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On 1st October 2014 UK copyright law will be amended, so as to allow for use of copyright works for the purpose of parody, provided that the use constitutes "fair dealing". Thus, such use should not conflict with the normal exploitation of the said copyright work and should not unreasonably prejudice the legitimate interests of the copyright owner.
This follows hot-on- the-heels of the decision of the Court of Justice of the European Union in the recent Deckmyn case. In this case, the Court made it clear that the essential characteristics of a parody are, first, to evoke an existing work, while being noticeably different from it and, secondly, to constitute an expression of humour or mockery. However, the parody must strike a fair balance between the person producing the parody and the person's whose work has been parodied, the later having, for example, a legitimate interest in ensuring their work is not associated with a discriminatory message.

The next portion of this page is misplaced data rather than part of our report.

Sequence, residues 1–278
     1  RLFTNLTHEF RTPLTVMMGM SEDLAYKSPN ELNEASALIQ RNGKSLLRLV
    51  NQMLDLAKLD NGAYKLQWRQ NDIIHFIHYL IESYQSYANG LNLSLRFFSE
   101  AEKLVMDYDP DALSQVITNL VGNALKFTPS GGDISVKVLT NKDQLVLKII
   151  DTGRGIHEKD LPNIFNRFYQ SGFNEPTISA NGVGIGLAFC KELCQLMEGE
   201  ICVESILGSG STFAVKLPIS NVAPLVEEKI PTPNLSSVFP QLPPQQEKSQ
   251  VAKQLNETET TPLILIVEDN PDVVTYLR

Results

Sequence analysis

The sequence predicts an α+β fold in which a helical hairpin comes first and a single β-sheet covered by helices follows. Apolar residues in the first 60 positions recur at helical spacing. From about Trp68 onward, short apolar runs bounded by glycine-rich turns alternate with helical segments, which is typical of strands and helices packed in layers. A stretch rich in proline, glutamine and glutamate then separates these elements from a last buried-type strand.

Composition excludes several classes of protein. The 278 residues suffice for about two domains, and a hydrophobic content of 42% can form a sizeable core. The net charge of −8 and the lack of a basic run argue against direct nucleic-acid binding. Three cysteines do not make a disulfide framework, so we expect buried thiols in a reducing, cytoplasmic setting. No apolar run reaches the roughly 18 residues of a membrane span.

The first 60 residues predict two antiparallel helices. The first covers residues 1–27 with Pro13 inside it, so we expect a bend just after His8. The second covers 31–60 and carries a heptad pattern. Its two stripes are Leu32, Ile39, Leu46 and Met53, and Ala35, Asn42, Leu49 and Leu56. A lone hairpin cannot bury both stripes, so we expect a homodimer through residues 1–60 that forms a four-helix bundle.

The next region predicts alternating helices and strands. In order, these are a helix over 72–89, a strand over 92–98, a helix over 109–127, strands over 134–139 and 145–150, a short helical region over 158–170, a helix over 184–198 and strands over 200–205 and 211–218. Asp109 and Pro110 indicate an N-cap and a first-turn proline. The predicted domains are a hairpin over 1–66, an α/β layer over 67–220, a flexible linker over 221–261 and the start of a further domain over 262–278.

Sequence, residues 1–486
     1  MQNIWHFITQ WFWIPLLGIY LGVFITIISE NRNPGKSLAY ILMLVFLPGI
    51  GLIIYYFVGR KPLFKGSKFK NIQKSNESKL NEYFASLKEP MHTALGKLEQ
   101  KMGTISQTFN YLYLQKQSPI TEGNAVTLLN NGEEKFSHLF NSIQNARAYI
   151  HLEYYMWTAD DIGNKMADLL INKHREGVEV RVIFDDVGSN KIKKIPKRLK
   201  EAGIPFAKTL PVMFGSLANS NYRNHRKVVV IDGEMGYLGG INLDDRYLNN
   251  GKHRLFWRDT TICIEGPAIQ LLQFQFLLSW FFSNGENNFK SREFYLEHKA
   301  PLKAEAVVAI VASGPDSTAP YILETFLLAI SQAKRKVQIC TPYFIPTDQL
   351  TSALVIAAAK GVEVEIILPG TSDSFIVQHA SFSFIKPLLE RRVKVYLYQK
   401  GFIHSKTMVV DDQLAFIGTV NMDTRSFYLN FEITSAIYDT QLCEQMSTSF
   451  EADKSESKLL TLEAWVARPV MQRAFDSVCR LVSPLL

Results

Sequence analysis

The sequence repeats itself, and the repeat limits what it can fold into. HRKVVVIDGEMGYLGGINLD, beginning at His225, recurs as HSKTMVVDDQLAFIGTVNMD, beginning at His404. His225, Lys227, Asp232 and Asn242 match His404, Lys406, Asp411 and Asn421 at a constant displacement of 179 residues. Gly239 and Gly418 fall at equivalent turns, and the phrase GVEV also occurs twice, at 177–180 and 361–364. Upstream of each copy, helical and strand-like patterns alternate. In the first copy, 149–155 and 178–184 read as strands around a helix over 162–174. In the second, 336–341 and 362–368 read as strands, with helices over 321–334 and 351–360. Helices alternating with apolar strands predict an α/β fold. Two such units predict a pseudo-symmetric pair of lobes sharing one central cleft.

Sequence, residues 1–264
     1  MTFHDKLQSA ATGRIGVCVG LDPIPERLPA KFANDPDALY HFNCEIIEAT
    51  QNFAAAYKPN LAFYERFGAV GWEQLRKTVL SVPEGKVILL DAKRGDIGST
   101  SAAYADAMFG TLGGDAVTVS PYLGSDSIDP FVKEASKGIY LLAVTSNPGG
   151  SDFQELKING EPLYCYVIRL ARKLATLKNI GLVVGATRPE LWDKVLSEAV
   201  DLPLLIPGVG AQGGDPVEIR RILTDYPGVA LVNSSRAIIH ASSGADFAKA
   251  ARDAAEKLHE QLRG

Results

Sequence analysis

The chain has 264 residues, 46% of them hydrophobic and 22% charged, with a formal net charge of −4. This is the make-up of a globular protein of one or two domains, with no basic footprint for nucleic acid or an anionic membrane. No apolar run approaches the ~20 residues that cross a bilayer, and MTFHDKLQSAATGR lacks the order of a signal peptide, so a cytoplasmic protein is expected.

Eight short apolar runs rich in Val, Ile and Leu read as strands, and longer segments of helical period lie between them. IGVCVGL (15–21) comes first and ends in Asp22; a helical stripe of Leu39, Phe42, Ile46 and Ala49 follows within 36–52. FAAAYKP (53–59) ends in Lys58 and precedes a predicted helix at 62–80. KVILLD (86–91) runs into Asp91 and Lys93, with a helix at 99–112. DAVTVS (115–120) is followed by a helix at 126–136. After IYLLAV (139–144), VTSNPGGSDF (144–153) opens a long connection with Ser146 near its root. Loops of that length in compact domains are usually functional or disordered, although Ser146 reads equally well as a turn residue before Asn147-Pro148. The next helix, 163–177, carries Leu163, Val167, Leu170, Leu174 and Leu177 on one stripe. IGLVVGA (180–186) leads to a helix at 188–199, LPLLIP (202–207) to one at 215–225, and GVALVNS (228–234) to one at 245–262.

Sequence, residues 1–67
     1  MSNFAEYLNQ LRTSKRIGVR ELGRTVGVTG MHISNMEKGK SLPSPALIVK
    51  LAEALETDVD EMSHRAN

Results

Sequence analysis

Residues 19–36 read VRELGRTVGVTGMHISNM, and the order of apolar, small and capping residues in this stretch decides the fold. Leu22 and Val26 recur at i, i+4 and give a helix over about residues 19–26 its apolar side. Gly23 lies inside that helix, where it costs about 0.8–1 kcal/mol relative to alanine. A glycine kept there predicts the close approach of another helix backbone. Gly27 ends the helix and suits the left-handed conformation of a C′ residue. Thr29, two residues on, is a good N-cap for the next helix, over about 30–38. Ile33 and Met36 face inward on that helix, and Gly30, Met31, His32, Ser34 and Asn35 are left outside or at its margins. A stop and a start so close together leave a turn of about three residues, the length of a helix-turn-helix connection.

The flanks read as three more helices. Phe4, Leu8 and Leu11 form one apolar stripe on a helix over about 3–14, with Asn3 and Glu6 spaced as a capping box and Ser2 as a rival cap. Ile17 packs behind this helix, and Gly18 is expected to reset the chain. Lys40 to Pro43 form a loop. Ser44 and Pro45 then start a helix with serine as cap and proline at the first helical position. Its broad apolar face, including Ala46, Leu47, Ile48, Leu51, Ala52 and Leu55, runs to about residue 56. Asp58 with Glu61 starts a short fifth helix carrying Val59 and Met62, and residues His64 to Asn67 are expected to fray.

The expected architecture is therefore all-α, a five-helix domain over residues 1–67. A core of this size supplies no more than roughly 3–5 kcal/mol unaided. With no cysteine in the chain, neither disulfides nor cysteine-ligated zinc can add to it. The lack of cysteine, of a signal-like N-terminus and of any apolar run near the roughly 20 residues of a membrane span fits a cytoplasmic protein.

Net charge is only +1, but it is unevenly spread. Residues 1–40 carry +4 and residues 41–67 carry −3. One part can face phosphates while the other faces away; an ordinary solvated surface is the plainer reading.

Some commentators believe that the change in the law will allow brand owners to cause mischief by parodying other brand owner's brands and advertising campaigns. However, others appear to consider the new defence to be a narrow one, although until the Courts have heard a few test cases the position remains unclear.
It should be noted that the change to UK copyright law does not affect the UK's existing registered trade mark and defamation laws, which, in certain cases, could still be relied upon to prevent works of parody.
Thus, make sure you get some good legal advice before you start using a planned parody to mock another brand owner's brand or advertising campaign.